Graduation Year


Document Type

Open Access Senior Thesis

Degree Name

Bachelor of Arts


W.M. Keck Science Department

Second Department


Reader 1

Alan Hartley

Reader 2

Newton Copp

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Rights Information

© 2012 Brandi S. Seaman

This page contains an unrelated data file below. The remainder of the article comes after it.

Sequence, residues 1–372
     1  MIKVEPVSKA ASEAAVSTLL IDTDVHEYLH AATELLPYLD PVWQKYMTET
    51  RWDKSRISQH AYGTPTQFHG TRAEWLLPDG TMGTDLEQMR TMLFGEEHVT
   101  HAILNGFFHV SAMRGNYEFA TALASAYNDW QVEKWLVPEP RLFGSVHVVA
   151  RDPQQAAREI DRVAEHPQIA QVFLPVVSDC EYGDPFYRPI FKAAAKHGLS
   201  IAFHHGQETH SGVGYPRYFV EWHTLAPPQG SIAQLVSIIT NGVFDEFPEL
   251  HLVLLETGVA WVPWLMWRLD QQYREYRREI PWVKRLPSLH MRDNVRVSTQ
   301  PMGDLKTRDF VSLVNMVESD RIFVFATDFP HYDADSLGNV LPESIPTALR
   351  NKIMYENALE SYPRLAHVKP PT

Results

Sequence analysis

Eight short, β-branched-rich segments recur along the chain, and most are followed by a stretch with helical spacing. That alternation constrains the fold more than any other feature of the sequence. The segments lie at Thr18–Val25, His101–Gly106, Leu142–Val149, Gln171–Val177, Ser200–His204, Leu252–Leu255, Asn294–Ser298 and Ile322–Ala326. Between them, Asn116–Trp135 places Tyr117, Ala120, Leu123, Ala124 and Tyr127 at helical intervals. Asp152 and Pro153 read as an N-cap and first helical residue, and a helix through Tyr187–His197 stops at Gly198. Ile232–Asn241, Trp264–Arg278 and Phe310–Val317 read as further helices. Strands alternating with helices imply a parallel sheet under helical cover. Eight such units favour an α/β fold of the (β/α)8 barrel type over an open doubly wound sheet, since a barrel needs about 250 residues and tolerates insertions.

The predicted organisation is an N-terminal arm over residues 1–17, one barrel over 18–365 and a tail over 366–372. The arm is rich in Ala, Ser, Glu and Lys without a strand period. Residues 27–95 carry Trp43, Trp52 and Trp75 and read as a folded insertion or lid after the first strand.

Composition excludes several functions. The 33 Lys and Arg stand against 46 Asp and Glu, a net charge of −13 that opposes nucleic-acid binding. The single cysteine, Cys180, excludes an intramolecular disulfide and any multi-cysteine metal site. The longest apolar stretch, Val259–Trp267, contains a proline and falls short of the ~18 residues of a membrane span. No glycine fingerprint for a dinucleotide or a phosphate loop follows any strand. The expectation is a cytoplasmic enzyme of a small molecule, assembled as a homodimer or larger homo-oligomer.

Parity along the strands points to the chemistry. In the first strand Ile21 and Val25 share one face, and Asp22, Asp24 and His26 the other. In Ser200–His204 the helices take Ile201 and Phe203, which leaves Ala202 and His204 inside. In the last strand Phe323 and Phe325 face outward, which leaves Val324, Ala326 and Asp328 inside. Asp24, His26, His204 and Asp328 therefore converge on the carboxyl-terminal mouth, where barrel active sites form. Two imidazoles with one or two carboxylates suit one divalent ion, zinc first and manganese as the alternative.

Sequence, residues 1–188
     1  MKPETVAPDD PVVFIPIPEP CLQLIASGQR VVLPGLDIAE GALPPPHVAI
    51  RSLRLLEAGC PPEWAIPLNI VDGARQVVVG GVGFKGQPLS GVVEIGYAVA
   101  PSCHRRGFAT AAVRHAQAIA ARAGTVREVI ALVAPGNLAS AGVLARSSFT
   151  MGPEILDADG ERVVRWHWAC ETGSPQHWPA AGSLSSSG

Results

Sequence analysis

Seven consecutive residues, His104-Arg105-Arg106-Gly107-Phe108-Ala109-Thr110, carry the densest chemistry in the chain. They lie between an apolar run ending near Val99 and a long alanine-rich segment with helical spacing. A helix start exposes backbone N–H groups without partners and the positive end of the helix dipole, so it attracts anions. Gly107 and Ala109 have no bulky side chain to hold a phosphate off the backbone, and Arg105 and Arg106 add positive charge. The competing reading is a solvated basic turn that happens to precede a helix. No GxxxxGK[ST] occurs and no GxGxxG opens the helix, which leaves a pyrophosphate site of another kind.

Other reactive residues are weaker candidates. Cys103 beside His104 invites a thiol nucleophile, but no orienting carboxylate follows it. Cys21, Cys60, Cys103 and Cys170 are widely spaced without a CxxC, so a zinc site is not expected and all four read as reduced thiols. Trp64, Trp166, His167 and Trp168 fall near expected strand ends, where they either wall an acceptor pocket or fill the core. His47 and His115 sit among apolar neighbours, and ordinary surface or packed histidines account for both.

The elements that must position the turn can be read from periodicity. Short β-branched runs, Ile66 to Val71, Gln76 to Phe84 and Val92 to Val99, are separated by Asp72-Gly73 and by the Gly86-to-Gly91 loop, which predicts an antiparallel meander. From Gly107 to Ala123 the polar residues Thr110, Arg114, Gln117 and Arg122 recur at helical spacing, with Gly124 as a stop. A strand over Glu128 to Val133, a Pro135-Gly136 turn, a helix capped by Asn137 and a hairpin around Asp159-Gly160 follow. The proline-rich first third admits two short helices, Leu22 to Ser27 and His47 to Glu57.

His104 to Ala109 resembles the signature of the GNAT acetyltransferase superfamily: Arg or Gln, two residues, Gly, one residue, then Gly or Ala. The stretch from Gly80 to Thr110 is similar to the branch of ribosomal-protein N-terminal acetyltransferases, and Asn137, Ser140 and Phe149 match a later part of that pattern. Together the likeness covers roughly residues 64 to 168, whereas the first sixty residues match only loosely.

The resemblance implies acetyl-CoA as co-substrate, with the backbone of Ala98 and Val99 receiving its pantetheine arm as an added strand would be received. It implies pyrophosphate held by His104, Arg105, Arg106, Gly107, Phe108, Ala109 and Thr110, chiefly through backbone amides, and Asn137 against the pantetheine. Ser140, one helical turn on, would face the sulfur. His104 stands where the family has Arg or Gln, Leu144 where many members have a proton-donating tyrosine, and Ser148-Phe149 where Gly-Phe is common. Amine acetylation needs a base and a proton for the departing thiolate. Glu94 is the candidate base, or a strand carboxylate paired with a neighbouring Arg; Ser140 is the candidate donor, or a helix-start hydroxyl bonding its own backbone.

This study investigated dual-task processing in younger and older adults using a psychological refractory period procedure. The first task was to name the color framing a picture; the second task was to either press a button or tilt their body in the direction of the tilt of the picture. In the body-tilt condition, electromyography was used to determine the reaction time. The stimulus-onset asynchrony (SOA) between the onset of the color and tilting of the picture varied from 50 to 1000 ms. In contrast with the response selection bottleneck model, which claims that processing of a second task cannot be completed until the first task is finished, the mode of response for the two tasks directly impacted the ability to avoid the bottleneck. In the body-tilt condition the increase in reaction time to the second task with decreasing SOA was less than in the button press condition, suggesting that processing of the second task could begin before processing of the first task was completed. This was true for both younger and older adults. Contrary to previous findings that older adults cannot engage in simultaneous processing of two tasks, evidence was found that older adults, like younger adults, could bypass the cognitive bottleneck if the second task has a reflexive component.